Rights and duties can be exercised independently or by agreement with the other parent
The Texas Family Code provides that certain rights can be exercised by you independent of the other parent while others must be exercised only by joint agreement. When it comes to all of the rights and duties that are contained within a final order from a family law case, creative negotiation will allow for you to not have every right awarded to both you and your child’s other parent.
The right to receive information from your child’s school or doctor, the right to confer with the other parent before a decision is made regarding school, medical and overall welfare are made, the right to access medical and educational records of your child and the right to attend school functions are among the most important of these rights that can be held, exclusively, independently or held jointly with the other parent.
You may find yourself in a circumstance where it is not in your child's best interests to have your ex-spouse be able to consult with a dentist, doctor or teacher of your child. If the other parent has acted poorly or inappropriately to the point where the behavior substantially hurts your child, then he or she may not be able to consult with any of these people.
In your circumstances if the other parent is not trustworthy with money, has been abusive or neglectful of your child or has otherwise exhibited poor judgment then you need to speak to your lawyer about how to creatively limit the effect of those bad behaviors on the well-being of your child. Your attorney will need to be able to work with you to negotiate to preserve as much of the power to make decisions in you possible. If no settlement can be reached, their job will be to present sufficient evidence to a judge that will allow for you to be awarded the exclusive right to do these things.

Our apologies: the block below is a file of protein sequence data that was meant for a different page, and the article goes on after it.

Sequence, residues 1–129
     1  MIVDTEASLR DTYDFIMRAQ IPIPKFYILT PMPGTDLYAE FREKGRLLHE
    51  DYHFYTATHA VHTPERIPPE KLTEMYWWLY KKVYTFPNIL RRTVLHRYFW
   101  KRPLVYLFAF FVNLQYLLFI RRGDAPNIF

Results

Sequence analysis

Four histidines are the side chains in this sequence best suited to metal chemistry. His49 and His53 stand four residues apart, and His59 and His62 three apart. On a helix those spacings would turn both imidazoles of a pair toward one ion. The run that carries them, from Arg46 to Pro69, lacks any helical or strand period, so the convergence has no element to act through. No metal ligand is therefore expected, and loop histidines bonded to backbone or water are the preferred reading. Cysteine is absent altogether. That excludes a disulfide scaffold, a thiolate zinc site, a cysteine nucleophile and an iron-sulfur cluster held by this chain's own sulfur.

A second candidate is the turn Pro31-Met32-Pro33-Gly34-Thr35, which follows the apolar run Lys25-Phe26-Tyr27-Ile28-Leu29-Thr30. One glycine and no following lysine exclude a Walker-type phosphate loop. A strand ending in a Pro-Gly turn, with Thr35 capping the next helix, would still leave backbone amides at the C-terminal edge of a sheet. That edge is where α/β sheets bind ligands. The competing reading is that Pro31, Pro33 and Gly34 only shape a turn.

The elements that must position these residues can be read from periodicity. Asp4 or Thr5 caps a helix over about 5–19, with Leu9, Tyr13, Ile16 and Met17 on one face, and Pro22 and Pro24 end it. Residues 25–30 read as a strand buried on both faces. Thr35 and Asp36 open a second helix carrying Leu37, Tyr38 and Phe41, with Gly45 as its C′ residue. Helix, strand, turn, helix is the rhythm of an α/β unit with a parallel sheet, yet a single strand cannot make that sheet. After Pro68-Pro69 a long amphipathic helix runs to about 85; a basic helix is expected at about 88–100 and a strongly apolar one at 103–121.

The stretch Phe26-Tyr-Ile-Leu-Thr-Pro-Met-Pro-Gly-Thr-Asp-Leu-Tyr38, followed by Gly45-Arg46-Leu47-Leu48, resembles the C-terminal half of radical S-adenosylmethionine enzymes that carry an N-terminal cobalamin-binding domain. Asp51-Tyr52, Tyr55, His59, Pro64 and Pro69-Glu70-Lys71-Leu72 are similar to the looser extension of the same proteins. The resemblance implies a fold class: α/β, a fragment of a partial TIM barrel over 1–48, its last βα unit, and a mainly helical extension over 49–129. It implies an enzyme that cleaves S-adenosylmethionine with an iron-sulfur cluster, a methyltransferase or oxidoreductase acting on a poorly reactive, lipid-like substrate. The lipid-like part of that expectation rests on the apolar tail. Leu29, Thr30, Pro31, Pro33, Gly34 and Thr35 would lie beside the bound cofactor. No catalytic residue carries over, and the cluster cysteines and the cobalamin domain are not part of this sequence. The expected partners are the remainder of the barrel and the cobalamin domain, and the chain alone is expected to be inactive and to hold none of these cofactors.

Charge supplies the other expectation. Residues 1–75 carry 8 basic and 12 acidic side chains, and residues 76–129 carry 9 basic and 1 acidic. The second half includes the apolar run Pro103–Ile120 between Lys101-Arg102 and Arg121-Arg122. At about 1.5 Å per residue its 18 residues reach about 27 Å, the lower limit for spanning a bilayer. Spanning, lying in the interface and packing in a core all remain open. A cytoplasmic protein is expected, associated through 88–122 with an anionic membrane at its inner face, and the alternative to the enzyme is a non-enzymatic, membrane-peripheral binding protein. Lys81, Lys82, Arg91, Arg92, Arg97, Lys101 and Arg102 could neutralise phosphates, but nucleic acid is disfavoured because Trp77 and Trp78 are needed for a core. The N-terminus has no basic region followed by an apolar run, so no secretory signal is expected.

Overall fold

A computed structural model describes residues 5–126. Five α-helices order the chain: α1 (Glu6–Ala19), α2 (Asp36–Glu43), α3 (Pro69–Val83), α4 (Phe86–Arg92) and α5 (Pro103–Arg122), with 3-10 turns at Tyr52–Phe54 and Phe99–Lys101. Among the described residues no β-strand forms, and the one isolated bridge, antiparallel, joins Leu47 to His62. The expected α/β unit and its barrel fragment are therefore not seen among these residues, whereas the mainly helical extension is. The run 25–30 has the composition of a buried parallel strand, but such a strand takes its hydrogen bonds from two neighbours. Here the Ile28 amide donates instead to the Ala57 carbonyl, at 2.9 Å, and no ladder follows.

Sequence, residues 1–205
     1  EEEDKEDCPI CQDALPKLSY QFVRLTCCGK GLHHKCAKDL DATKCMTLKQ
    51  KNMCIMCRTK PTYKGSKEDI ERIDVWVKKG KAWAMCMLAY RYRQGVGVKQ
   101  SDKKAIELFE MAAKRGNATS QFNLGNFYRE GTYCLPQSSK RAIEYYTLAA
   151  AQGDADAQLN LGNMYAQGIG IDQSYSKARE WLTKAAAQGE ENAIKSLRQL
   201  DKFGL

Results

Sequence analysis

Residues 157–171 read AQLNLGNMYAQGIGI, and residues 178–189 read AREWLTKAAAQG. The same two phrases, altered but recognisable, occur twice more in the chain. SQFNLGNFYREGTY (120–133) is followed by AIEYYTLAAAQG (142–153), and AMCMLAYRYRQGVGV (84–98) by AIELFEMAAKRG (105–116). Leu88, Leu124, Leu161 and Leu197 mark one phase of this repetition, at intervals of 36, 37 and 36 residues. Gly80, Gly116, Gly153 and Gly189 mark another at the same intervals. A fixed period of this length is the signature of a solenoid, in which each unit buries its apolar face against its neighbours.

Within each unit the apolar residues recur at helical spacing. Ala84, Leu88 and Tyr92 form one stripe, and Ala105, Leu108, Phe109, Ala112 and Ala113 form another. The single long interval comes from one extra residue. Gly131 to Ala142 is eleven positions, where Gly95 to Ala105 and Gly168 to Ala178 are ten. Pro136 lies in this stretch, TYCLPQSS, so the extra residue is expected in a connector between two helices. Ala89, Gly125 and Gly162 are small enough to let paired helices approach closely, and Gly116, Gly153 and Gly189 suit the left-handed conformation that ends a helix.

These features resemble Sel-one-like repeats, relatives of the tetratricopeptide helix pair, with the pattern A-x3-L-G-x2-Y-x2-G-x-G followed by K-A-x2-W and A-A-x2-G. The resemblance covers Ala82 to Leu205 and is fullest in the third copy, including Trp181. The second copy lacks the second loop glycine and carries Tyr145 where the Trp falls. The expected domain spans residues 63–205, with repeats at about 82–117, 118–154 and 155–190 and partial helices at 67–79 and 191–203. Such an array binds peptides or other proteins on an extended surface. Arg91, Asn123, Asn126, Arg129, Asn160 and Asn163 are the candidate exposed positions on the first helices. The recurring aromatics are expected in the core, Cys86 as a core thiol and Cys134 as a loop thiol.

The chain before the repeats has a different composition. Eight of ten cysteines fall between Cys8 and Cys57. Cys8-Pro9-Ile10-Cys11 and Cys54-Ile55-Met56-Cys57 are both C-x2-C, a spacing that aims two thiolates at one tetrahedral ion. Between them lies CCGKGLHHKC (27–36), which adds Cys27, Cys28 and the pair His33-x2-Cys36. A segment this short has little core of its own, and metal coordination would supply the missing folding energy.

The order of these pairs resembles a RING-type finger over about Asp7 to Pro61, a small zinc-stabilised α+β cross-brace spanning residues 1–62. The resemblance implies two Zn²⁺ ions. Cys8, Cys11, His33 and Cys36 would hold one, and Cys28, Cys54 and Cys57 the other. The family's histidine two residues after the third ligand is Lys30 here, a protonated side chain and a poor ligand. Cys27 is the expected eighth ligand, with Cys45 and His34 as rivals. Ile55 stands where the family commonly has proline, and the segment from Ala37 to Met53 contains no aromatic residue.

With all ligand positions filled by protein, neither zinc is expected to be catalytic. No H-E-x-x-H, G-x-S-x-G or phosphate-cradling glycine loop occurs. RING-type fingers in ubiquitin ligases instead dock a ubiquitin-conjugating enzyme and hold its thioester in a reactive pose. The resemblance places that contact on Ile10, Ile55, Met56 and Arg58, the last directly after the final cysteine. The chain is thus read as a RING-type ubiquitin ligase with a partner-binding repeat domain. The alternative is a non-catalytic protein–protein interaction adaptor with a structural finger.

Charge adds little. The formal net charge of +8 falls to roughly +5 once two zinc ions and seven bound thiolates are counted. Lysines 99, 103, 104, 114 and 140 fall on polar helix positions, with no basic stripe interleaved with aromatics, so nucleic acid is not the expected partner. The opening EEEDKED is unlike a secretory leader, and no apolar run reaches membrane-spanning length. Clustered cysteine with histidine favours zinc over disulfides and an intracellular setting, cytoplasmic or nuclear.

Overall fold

Where do most family law cases begin to break down in terms of negotiation?
The goal of any family law attorney should be to counsel and provide insight about their client's legal matter to help guide that client towards a result that is most beneficial to him or her. That can usually be accomplished best in a family law case by negotiating with your child’s other parent. What happens when negotiation becomes impossible will be where we pick up this topic in tomorrow’s blog post.
Questions about family law issues in Texas? Contact the Law Office of Bryan Fagan
If you have any questions about the material that we shared with you today, please do not hesitate to contact the Law Office of Bryan Fagan. Our licensed family law attorneys offer free of charge consultations six days a week here in our office. These consultations are a great opportunity for you and your family to learn more about your circumstances and to receive direct feedback from one of our attorneys.
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Law Office of Bryan Fagan, PLLC | Houston, Texas Divorce Lawyers
The Law Office of Bryan Fagan, PLLC routinely handles matters that affect children and families. If you have questions regarding divorce, it's important to speak with one of our Houston, TX Divorce Lawyers right away to protect your rights.
Our divorce lawyers in Houston TX are skilled at listening to your goals during this trying process and developing a strategy to meet those goals. Contact Law Office of Bryan Fagan, PLLC by calling (281) 810-9760 or submit your contact information in our online form. The Law Office of Bryan Fagan, PLLC handles Divorce cases in Houston, Texas, Cypress, Klein, Humble, Kingwood, Tomball, The Woodlands, the FM 1960 area, or surrounding areas, including Harris County, Montgomery County, Liberty County, Chambers County, Galveston County, Brazoria County, Fort Bend County and Waller County.